The Epanchins' country-house was a charming building, built after the model of a Swiss chalet, and covered with creepers. It was surrounded on all sides by a flower garden, and the family sat, as a rule, on the open verandah as at the prince's house.

The subject under discussion did not appear to be very popular with the assembly, and some would have been delighted to change it; but Evgenie would not stop holding forth, and the prince's arrival seemed to spur him on to still further oratorical efforts.

Lizabetha Prokofievna frowned, but had not as yet grasped the subject, which seemed to have arisen out of a heated argument. Aglaya sat apart, almost in the corner, listening in stubborn silence.

"Excuse me," continued Evgenie Pavlovitch hotly, "I don't say a word against liberalism. Liberalism is not a sin, it is a necessary part of a great whole, which whole would collapse and fall to pieces without it. Liberalism has just as much right to exist as has the most moral conservatism; but I am attacking RUSSIAN liberalism; and I attack it for the simple reason that a Russian liberal is not a Russian liberal, he is a non-Russian liberal. Show me a real Russian liberal, and I'll kiss him before you all, with pleasure."

"If he cared to kiss you, that is," said Alexandra, whose cheeks were red with irritation and excitement.

"Look at that, now," thought the mother to herself, "she does nothing but sleep and eat for a year at a time, and then suddenly flies out in the most incomprehensible way!"

The prince observed that Alexandra appeared to be angry with Evgenie, because he spoke on a serious subject in a frivolous manner, pretending to be in earnest, but with an under-current of irony.

"I was saying just now, before you came in, prince, that there has been nothing national up to now, about our liberalism, and nothing the liberals do, or have done, is in the least degree national. They are drawn from two classes only, the old landowning class, and clerical families — "

"How, nothing that they have done is Russian?" asked Prince S.

"It may be Russian, but it is not national. Our liberals are not Russian, nor are our conservatives, and you may be sure that the nation does not recognize anything that has been done by the landed gentry, or by the seminarists, or what is to be done either."

"Come, that's good! How can you maintain such a paradox? If you are serious, that is. I cannot allow such a statement about the landed proprietors to pass unchallenged. Why, you are a landed proprietor yourself!" cried Prince S. hotly.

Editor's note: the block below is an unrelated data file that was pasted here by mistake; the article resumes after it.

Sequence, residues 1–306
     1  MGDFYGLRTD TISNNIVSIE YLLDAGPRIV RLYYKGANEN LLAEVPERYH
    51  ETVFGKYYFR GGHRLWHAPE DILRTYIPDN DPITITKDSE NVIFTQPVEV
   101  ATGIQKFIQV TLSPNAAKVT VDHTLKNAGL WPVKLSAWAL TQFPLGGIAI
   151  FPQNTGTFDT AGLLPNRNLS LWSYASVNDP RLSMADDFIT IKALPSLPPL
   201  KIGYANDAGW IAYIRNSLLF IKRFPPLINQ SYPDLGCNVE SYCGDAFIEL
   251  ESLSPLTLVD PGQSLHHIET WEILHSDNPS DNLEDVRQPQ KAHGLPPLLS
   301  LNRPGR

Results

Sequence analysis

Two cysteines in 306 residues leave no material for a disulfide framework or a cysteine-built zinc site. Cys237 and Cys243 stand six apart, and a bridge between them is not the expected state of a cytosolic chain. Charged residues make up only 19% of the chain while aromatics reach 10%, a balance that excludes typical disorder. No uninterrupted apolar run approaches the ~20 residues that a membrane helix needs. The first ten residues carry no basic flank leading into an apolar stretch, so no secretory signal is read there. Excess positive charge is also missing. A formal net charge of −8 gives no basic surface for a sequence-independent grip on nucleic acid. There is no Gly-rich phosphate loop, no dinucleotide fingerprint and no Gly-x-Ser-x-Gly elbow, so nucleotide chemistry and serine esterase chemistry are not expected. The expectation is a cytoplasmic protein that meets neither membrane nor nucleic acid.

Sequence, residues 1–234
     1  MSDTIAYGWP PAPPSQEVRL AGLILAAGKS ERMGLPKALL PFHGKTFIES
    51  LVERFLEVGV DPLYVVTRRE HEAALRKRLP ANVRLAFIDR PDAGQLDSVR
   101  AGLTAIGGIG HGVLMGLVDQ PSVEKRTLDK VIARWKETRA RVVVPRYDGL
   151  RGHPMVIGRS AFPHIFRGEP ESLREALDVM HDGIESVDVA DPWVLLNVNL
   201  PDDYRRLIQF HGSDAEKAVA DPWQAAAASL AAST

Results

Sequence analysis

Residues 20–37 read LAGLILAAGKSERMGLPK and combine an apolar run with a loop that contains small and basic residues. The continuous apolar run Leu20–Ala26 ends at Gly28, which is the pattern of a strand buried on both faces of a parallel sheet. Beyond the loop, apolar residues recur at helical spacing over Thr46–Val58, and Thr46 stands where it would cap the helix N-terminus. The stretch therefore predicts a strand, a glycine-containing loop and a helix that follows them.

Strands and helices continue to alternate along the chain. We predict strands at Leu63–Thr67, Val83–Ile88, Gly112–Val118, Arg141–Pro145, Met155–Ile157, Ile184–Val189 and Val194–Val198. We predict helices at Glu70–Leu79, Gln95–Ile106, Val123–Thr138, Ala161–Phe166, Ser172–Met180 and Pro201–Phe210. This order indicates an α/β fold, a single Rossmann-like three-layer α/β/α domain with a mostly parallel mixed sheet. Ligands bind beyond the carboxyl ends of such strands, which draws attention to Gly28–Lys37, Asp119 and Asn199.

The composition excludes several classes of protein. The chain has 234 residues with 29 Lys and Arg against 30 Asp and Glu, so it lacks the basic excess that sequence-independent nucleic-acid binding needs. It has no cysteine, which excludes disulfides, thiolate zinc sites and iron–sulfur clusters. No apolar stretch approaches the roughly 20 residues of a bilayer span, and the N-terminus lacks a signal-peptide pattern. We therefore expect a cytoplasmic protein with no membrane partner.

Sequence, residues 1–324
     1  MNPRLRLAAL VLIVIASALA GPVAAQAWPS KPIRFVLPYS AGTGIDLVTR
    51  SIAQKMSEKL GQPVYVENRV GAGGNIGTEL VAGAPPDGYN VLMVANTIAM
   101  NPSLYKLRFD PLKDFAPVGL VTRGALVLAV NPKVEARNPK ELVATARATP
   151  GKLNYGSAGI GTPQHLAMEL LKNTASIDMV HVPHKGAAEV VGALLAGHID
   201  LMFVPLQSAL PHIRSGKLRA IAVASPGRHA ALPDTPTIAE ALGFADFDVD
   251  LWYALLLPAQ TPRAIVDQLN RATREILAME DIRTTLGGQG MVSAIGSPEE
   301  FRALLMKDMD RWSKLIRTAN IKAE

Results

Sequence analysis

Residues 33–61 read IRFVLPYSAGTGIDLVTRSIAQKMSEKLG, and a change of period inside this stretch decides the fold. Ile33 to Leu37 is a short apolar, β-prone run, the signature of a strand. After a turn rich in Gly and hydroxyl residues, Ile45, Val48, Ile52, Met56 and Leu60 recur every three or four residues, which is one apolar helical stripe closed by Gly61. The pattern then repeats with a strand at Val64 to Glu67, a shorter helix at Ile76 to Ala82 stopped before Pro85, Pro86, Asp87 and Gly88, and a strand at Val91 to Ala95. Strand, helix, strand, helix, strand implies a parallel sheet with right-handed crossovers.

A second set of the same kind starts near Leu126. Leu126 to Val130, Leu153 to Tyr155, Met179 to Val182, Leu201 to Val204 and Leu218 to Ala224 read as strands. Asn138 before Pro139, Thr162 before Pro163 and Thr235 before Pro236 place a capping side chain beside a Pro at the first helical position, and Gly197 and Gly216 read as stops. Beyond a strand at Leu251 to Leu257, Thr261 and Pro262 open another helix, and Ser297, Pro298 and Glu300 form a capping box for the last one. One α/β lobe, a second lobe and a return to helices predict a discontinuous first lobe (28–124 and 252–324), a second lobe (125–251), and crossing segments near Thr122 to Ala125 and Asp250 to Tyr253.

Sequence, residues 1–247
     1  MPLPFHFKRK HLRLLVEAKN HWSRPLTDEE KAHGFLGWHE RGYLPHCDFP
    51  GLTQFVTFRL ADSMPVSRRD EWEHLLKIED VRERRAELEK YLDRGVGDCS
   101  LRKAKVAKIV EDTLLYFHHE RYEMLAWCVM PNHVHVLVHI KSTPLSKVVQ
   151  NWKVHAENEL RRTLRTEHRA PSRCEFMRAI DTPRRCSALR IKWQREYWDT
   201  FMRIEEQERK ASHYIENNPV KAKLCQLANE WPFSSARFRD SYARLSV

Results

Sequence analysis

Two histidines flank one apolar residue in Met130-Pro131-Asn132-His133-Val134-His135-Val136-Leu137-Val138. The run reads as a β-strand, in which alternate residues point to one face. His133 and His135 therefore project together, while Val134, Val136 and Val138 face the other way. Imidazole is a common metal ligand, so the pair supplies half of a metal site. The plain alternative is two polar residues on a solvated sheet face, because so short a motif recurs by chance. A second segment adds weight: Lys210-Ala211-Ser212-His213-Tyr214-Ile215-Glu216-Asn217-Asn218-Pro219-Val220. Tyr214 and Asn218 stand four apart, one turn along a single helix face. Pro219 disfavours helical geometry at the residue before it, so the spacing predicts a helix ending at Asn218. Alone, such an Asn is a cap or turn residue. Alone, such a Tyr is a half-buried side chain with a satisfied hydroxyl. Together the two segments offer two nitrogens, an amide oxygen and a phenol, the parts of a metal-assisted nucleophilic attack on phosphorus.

"I suppose you'll say there is nothing national about our literature either?" said Alexandra.

"Well, I am not a great authority on literary questions, but I certainly do hold that Russian literature is not Russian, except perhaps Lomonosoff, Pouschkin and Gogol."

"In the first place, that is a considerable admission, and in the second place, one of the above was a peasant, and the other two were both landed proprietors!"

"Quite so, but don't be in such a hurry! For since it has been the part of these three men, and only these three, to say something absolutely their own, not borrowed, so by this very fact these three men become really national. If any Russian shall have done or said anything really and absolutely original, he is to be called national from that moment, though he may not be able to talk the Russian language; still he is a national Russian. I consider that an axiom. But we were not speaking of literature; we began by discussing the socialists. Very well then, I insist that there does not exist one single Russian socialist. There does not, and there has never existed such a one, because all socialists are derived from the two classes — the landed proprietors, and the seminarists. All our eminent socialists are merely old liberals of the class of landed proprietors, men who were liberals in the days of serfdom. Why do you laugh? Give me their books, give me their studies, their memoirs, and though I am not a literary critic, yet I will prove as clear as day that every chapter and every word of their writings has been the work of a former landed proprietor of the old school. You'll find that all their raptures, all their generous transports are proprietary, all their woes and their tears, proprietary; all proprietary or seminarist! You are laughing again, and you, prince, are smiling too. Don't you agree with me?"

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At the end of Part III, Nastasya and Rogozhin each ask Myshkin the same question. What was it?